How Busy Are Tokyo Rail Hubs?

(Daily boardings in 2015 unless otherwise stated) Shinjuku 総合駅: ~1.67 million  JR: 760,043 Keio: ~379,000 (757,823 on & off) Odakyu: ~246,000 (492,234 on & off) Toei Shinjuku Line: 140,967 Tokyo Metro: ~ 116,000  (231,340 on & off) Toei Oedo Line: 30,466 Ikebukuro 総合駅: ~1.31 million  “1966年に新宿駅に抜かれるまで、当駅が1日平均乗車人員数で日本一だった” JR: 556,780 Tokyo Metro: ~274,000  (548,839 on & off) Seibu: ~242,000 (483,407 on & off) Tobu: ~239,000 (477,834 on & off) Shibuya 総合駅: ~1.22 million … Continue reading How Busy Are Tokyo Rail Hubs?

Osaka – Human Centered City

We’ve all heard about how Paris wants to be car-free. We’ve all read about how Oslo wants to be car-free. But somehow, very quietly, Osaka is beating them there.  This Japanese government report shows that between 2000 and 2010, the mode-share of private motor vehicles in Osaka (blue and purple) retreated from an already low 18.3% to a mere 14.6% Mode-share statistics for Osaka in 2010: Rail: 35.8% Walking: 24.0% Bicycle: 23.5% … Continue reading Osaka – Human Centered City

The Truth About Osaka

Some people just don’t have any common-sense when it comes to Osaka. Here’s Wikipedia: two screenshots from https://en.wikipedia.org/wiki/Modal_share Zero percent cycling in a big Japanese city?  This should have been flagged a long time ago!  (Stats for 2010 are available here) For the Osaka data, Wikipedia cites Singapore’s Land Transport Authority: Which in turn cites a Japanese government survey: However, the Land Transport Authority appears to have interpreted … Continue reading The Truth About Osaka

Major Sky-Level Decks #デッキ論

This list is not comprehensive, but here are some of the largest Deck Level developments in Japan: Senri-Chuo shopping center in Osaka (on airport monorail line): huge deck level.  Surrounding park areas are connected by pedestrian bridges, creating near total grade separation of vehicles and pedestrians.  Very much like Tama Center. See also: http://senri50.com/c4489.html Tama Center: Wide deck level stretching 1100′ NW from Keio Tama Center … Continue reading Major Sky-Level Decks #デッキ論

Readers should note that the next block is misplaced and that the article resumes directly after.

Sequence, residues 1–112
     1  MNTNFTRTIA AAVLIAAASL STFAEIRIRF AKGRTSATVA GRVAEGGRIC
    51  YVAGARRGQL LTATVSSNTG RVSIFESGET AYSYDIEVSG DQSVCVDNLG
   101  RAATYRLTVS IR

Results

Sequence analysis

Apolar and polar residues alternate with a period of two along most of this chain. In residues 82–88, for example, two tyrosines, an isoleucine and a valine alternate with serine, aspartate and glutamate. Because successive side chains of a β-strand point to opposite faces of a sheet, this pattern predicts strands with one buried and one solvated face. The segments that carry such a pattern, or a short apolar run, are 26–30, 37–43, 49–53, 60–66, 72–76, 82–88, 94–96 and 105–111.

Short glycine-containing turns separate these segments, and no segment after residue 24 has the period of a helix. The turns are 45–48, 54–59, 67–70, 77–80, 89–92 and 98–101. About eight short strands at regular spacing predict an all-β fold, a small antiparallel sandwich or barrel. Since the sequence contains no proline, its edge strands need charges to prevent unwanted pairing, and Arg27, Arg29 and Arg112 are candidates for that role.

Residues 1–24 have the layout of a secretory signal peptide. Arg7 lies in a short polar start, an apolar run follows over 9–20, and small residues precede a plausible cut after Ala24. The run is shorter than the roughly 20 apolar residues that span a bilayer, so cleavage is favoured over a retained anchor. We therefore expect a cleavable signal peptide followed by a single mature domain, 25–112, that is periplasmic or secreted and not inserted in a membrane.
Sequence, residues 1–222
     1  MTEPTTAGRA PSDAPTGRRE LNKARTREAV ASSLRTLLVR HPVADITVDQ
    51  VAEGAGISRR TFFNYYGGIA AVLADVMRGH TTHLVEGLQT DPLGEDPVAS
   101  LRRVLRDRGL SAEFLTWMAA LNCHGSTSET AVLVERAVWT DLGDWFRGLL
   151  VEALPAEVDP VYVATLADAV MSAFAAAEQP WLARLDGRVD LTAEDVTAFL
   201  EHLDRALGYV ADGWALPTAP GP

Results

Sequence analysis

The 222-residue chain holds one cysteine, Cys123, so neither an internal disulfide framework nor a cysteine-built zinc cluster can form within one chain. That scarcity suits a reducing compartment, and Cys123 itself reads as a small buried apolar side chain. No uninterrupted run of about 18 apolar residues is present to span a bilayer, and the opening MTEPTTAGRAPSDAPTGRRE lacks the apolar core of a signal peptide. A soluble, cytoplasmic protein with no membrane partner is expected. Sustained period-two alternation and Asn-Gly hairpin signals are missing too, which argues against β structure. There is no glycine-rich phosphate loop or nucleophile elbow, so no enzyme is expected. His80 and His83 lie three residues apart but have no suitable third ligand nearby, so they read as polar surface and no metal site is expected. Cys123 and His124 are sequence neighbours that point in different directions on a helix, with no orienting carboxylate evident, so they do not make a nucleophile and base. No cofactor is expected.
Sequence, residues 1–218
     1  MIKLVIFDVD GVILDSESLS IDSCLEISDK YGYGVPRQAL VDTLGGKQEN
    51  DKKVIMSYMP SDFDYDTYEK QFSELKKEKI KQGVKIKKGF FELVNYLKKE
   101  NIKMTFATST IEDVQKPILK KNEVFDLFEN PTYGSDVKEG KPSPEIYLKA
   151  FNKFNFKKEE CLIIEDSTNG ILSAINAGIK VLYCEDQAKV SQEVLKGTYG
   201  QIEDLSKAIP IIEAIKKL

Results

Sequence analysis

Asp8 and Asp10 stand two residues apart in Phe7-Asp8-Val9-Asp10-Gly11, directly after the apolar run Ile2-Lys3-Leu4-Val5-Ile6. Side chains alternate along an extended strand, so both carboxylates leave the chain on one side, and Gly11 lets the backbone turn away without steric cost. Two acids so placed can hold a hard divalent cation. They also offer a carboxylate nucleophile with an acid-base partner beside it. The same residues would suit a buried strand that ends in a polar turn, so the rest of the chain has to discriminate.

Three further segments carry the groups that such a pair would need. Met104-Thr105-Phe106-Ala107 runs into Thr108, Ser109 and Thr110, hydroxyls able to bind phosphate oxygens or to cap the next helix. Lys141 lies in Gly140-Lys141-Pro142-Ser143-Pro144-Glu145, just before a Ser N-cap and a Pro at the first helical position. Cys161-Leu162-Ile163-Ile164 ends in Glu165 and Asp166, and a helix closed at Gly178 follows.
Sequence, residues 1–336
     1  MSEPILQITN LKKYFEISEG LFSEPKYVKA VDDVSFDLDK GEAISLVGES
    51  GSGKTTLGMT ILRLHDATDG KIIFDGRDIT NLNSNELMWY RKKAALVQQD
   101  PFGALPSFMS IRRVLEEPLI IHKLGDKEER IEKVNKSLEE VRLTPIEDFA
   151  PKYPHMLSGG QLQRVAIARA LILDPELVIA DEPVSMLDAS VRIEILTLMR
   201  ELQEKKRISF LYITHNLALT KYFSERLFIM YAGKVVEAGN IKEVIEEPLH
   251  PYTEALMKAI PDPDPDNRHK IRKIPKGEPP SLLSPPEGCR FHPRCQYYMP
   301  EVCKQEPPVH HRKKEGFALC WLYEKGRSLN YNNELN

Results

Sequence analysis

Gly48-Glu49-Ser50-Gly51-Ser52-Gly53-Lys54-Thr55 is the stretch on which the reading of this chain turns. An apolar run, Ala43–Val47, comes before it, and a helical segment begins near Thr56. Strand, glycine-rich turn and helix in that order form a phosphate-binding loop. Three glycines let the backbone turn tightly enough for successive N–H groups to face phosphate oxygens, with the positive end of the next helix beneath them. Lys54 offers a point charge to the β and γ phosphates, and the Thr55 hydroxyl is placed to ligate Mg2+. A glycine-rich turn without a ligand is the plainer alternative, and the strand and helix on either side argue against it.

Jiyugaoka – Shop Distribution

How many shops are within walking distance?  While Jiyugaoka.net lists 1,937 shops*, not all of them are close to Jiyugaoka Station.  It appears that roughly 3/4 of these are within 6 minutes of the station, but the distribution varies; super markets are more evenly spread, while restaurants are highly clustered. *This includes public facilities, service businesses, parks, and over a thousand listings under “gourmet“.  This allows a … Continue reading Jiyugaoka – Shop Distribution

Hierarchy of Japanese Streets – Sorakuen Garden (相楽園)

The area southwest of Kitano-cho (the western halves of 中山手通 & 山本通) is notable for hosting many educational institutions: St Michael Nursery, Kobe Kakyo Kindergarten, Kobe Elementary School, Shinko High School, Kobe Chinese School, and Kobe Yamate University.  How safe are the streets for students walking to school? As described previously, streets in Japan can be analysed hierarchically, and classified on a five rank scale.  The streets in this area occupy only … Continue reading Hierarchy of Japanese Streets – Sorakuen Garden (相楽園)

Hierarchy of Japanese Streets – Illustrated

Pedestrian movement paths in Japanese cities can be decomposed hierarchically, proceeding from the narrowest residential laneways to the busiest shopping streets (near rail stations). – As described previously, the highest levels of the pedestrian hierarchy are completely separate from the vehicular network. – The following illustration shows the structure of these streets near Sannomiya station dark green: subway tunnels light green: shopping arcades blue: nightlife alleys peach: … Continue reading Hierarchy of Japanese Streets – Illustrated

Hierarchy of Japanese Streets

The transportation structure of Japanese cities can be decomposed into pedestrian and vehicular networks.  In some places they run side-by-side, in other places they overlap (woonerf), but for the most part, they are completely separate. Both of these networks are hierarchical in form: Hierarchy of Driving 1. Woonerfs – slow and very narrow streets where people and cars mix. 2. Narrow Streets – streets just wide enough for a … Continue reading Hierarchy of Japanese Streets